the RWA is in its highly limited range of applicability. Note that at zero temperature, the dissipative part
of the system dynamics under the RWA only involves positive frequencies that correspond to the emission of
quanta from the system into the bath (since the SD at negative frequency is zero). [61]
More recently, a coarse-grained stochastic equation was derived [45] with better error and range of appli-
cability than that of Davies’,
1/2||ρ
cgse
(t) ρ
exact
(t)||
1
O
r
τ
c
τ
sb
, (33)
but not as low as the Redfield error bound given by Eq. 19.
Accepted in Quantum 2020-08-20, click title to verify. Published under CC-BY 4.0. 7
4 Geometric Arithmetic Master Equation (GAME)
Since coarse-graining increases the approximate state error, as discussed at the end of Sec. 3.1, here we will
attempt to restore positivity by picking and choosing which part of the Redfield equation to coarse-grain and
by how much. First, we rewrite the Redfield equation (Eq. 10) in terms of the geometric mean SD, instead
of the arithmetic one. For example, we write (γ
in
+ γ
jm
)/2 =
γ
in
γ
jm
+ (
γ
in
γ
jn
)
2
/2. The Redfield
equation 10 becomes
nm
dt
= i[H, ρ]
nm
+
X
i,j
ρ
ij
A
?
in
A
jm
γ
in
γ
jm
1
2
ρ
ni
A
ij
A
?
mj
γ
ij
γ
mj
1
2
A
?
ji
A
ni
ρ
jm
γ
ji
γ
ni
+
X
ij
ρ
ij
A
?
in
A
jm
f (ω
in
, ω
jm
)
1
2
ρ
ni
A
ij
A
?
mj
f(ω
ij
, ω
mj
)
1
2
A
?
ji
A
ni
ρ
jm
f(ω
ji
, ω
ni
)
, (34)
where we introduce the "detuning" function,
f(ω, ω
0
) =
1
2
q
γ(ω)
q
γ(ω
0
)
2
+ i
S(ω) S(ω
0
)
. (35)
Note that f(ω, ω) = 0, which is why we call it the detuning function. We can write ω = ω
a
+ (ω ω
0
)/2 and
ω
0
= ω
a
(ω ω
0
)/2, where ω
a
= (ω + ω
0
)/2 is the center frequency and ω ω
0
is the detuning. For small
detuning, defined as |ω ω
0
| < |ω
a
|, we apply the Tyler expansion and find
f(ω, ω
0
) = i(ω ω
0
)
S(ω
a
)
ω
a
+ O
h
(ω ω
0
)
2
i
. (36)
For Ohmic bath at zero temperature and exponential cutoff, the images in Fig. 1(a) and (d) display
the geometric mean g(ω, ω
0
) =
p
γ(ω)γ(ω
0
) and the detuning function magnitude versus system frequencies,
respectively. The entities f and g are independent of the system operator A. Without any coarse-graining,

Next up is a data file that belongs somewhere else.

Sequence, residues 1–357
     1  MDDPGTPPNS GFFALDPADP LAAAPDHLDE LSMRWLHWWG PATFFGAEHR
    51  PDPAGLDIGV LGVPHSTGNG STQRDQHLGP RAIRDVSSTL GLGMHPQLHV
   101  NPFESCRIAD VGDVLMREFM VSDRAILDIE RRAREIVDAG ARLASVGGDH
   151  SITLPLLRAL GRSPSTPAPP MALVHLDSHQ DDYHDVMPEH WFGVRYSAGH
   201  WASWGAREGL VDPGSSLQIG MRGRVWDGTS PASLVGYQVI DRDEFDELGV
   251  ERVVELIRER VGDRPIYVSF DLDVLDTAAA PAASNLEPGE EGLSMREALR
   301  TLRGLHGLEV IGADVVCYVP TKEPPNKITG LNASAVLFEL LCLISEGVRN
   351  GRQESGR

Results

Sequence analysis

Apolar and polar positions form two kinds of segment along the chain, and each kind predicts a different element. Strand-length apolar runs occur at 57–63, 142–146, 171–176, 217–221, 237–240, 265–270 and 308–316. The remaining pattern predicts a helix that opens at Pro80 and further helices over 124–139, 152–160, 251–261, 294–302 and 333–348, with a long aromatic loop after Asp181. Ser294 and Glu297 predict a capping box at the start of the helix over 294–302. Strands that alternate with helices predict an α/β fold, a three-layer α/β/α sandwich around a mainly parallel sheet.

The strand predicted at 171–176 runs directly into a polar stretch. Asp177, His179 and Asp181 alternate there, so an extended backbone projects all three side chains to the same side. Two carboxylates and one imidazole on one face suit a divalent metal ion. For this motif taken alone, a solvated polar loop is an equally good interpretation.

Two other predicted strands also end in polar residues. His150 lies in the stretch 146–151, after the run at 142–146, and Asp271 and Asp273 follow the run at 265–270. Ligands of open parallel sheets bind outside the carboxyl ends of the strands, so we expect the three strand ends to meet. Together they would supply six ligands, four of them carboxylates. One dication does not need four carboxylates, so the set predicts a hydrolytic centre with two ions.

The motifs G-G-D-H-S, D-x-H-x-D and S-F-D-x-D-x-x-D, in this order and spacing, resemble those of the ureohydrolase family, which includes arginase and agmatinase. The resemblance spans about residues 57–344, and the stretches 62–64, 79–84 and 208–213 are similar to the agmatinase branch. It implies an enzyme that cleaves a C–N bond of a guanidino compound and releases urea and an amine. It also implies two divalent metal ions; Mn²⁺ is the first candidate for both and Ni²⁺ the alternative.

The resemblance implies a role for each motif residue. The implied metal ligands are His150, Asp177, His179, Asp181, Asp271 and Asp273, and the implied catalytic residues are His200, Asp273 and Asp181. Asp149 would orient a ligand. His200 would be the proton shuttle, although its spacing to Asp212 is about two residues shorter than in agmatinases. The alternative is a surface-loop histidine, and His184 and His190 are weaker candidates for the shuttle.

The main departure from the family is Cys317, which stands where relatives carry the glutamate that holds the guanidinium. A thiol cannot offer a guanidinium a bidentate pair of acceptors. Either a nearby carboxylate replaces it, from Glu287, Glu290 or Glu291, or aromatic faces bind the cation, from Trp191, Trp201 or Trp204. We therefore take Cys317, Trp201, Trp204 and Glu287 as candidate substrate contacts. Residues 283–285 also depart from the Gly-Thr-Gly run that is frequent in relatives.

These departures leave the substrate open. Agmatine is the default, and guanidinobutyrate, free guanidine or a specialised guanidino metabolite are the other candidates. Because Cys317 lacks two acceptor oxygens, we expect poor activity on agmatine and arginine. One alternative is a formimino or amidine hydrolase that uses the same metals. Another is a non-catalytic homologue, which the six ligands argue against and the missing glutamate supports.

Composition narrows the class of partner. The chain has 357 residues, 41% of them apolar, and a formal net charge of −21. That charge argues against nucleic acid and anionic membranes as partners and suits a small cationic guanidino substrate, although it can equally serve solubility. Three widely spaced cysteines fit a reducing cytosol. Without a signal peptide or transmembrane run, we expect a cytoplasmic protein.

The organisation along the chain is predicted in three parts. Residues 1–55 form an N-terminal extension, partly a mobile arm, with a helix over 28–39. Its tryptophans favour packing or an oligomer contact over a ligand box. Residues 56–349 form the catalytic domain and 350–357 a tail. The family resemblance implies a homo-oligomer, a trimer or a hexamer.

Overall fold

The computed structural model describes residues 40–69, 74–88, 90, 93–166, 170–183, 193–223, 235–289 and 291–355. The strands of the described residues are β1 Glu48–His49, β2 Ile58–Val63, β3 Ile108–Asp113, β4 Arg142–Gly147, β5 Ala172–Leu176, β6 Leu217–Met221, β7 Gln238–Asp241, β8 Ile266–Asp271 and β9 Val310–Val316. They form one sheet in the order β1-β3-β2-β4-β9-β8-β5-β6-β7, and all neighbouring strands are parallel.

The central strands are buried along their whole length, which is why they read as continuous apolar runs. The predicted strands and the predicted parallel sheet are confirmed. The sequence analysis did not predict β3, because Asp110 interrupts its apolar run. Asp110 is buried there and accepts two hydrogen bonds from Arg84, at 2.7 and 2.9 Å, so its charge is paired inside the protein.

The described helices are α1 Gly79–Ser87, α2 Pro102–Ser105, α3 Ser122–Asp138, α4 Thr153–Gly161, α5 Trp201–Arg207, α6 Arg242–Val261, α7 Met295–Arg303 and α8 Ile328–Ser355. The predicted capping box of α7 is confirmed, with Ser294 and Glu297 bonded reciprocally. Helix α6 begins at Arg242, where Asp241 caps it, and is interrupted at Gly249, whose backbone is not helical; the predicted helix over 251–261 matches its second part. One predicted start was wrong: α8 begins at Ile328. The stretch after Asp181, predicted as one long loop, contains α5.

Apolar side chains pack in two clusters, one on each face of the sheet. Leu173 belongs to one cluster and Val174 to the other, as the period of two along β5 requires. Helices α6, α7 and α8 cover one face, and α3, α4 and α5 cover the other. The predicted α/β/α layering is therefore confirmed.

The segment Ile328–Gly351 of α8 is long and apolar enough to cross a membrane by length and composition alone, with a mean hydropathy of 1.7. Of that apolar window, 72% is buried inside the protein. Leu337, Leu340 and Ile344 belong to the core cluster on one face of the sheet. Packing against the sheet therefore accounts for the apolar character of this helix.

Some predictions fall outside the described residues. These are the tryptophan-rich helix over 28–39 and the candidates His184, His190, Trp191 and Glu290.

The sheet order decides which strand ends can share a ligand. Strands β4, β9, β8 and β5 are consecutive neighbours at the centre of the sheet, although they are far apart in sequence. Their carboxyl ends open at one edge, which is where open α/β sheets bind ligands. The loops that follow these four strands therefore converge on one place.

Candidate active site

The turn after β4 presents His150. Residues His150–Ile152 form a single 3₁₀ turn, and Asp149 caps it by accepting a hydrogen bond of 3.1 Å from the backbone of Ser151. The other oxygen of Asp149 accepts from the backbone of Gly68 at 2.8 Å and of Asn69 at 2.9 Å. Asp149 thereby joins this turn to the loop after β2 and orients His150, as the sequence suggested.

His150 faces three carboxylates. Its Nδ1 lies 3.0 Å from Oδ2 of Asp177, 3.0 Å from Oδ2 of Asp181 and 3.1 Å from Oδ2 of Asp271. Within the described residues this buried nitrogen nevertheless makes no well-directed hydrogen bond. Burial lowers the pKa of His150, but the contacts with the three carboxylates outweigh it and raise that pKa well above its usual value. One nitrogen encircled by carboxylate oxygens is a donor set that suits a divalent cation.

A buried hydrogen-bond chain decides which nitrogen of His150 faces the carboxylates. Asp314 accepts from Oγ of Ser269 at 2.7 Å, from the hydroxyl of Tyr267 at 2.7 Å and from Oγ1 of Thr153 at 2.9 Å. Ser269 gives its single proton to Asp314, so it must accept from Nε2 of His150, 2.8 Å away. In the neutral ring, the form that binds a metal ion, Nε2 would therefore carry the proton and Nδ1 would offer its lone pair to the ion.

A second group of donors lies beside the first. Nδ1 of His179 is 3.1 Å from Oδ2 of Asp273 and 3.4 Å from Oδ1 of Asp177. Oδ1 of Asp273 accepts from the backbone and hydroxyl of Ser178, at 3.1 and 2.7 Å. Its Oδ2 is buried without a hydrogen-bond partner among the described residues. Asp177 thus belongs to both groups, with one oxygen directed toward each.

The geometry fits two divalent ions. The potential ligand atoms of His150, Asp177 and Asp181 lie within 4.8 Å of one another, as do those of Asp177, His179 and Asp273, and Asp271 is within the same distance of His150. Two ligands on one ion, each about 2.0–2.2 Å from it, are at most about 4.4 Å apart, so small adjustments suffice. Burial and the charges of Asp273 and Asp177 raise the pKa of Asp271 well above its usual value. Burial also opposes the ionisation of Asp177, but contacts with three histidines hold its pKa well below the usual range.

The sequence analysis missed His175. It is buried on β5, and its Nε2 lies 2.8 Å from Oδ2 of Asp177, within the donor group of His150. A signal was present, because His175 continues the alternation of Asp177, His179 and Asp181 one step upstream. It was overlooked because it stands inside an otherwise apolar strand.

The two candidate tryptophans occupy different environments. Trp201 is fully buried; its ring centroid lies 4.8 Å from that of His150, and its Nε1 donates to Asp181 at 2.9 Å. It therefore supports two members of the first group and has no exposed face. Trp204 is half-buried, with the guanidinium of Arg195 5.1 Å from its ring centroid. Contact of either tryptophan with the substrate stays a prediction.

f and g are overall comparable in magnitude, which is unfortunate, because, if the detuning function were
negligibly small compared to the geometric mean, we could neglect the second line in Eq. 34, and end up
with a GKSL master equation.
In spite of the significant value of the detuning function, we can make a compromise following the steps
discussed next. We recast the coarse-grained Eq. 25 as
nm
dt
= i[
˜
H, ρ]
nm
+
X
i,j
ρ
ij
A
?
in
A
jm
˜g(ω
in
, ω
jm
)
1
2
ρ
ni
A
ij
A
?
mj
˜g(ω
ij
, ω
mj
)
1
2
A
?
ji
A
ni
ρ
jm
˜g(ω
ji
, ω
ni
)
+
X
ij
ρ
ij
A
?
in
A
jm
˜
f (ω
in
, ω
jm
)
1
2
ρ
ni
A
ij
A
?
mj
˜
f(ω
ij
, ω
mj
)
1
2
A
?
ji
A
ni
ρ
jm
˜
f(ω
ji
, ω
ni
)
, (37)
where ˜g and
˜
f are the coarse-grained geometric mean and detuning function,
˜g(ω, ω
0
) =
q
γ(ω)γ(ω
0
) sinc
(ω ω
0
)T
0
2
, (38)
˜
f(ω, ω
0
) =
n
1
2
q
γ(ω)
q
γ(ω
0
)
2
+ i
S(ω) S(ω
0
)
o
sinc
(ω ω
0
)T
0
2
. (39)
The characteristic detuning frequency of these functions is governed by the sinc function. Irrespective of
the center frequency, if |ω ω
0
| 1/T
0
, then the sinc function will suppress
˜
f in Eq. 39 by prefactor of 1/T
0
.
Lets us next consider the other frequency range, |ω ω
0
| < 1/T
0
. If in this range |ω
a
| 1/T
0
, then the
condition |ω ω
0
| |ω
a
| will hold. Eq. 36 is then applicable and leads to
˜
f(ω, ω
0
) i(ω ω
0
)
×
S(ω
a
)
ω
a
sinc
(ωω
0
)T
0
2
2i
T
0
S(ω
a
)
ω
a
sinc
(ωω
0
)T
0
2
.
(40)
So the corresponding terms in Eq. 37 are also suppressed by the inverse coarse-grain time. Vice-versa,
if |ω
a
| < 1/T
0
, then Eq. 36 may not hold, and the corresponding terms in Eq. 37 are not suppressed.
Accepted in Quantum 2020-08-20, click title to verify. Published under CC-BY 4.0. 8